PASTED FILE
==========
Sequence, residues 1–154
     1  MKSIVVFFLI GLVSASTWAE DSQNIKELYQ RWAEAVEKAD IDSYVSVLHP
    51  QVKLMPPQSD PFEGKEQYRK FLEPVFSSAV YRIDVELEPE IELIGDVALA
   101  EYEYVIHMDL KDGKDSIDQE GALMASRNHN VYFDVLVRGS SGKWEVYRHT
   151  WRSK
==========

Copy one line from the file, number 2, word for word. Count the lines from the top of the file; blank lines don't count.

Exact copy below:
     1  MKSIVVFFLI GLVSASTWAE DSQNIKELYQ RWAEAVEKAD IDSYVSVLHP